This means that the Solver has found solutions that satisfy the constraints, but it has been unable to further improve the objective, even though the tests for optimality (“Solver found a solution”) and convergence (“Solver converged to the current solution”) have not yet been satisfied. The exact meaning depends on whether you are solving a smooth nonlinear problem with the GRG Solver, a global optimization problem with the Interval Global Solver, or a non-smooth problem with the Evolutionary Solver.
When the GRG Solver is being used, this message occurs very rarely. It means that the model is degenerate and the Solver is probably cycling. One possibility worth checking is that some of your constraints are redundant, and should be removed. For more information, see the discussion of “GRG Solver Stopping Conditions” below.
When the Interval Global Solver is being used, this message is more common. It means that the Solver has not found an “improved global solution” (a feasible solution with an objective value better than the currently best known solution), in the amount of time specified for the Max Time without Improvement option Task Pane Engine tab. The reported solution is the best one found so far, but the search space has not been fully explored. For more information, see the discussion of “Interval Global Solver Stopping Conditions” below. If you receive this message, and you are willing to spend more solution time to have a better chance of “proving” global optimality, increase the value of the Max Time without Improvement option.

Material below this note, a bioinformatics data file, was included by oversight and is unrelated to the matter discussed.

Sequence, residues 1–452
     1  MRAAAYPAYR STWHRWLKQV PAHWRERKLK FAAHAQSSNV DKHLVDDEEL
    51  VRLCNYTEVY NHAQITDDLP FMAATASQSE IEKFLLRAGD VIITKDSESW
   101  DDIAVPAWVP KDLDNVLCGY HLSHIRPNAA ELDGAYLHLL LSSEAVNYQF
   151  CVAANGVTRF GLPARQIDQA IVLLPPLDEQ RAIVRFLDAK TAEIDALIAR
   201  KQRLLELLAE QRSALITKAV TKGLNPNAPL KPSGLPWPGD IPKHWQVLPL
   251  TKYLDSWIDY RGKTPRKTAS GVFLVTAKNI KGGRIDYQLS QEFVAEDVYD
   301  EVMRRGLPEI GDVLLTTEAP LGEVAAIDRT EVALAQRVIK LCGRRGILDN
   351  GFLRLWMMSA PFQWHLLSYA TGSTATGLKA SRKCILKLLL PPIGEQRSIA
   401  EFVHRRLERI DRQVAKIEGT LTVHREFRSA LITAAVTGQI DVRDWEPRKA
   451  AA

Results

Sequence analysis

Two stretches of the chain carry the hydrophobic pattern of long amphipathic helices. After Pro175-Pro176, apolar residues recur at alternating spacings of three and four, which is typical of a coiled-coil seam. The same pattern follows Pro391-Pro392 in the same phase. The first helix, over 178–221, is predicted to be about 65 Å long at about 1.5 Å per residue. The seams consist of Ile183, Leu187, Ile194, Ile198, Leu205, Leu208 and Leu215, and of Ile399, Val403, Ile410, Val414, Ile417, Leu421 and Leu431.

When the Evolutionary Solver is being used, this message is much more common. It means that the Solver has been unable to find a new, better member of the population whose “fitness” represents a relative (percentage) improvement over the current best member’s fitness of more than the Tolerance value on the Limit Options dialog tab, in the amount of time specified by the Max Time without Improvement option in the same dialog. Since the Evolutionary Solver has no way of testing for optimality, it will normally stop with either “Solver converged to the current solution” or “Solver cannot improve the current solution” if you let it run for long enough. If you believe that this message is appearing prematurely, you can either make the Tolerance value smaller (or even zero) or increase the amount of time allowed by the Max Time without Improvement option. For more information, see the discussion of “Evolutionary Solver Stopping Conditions” below.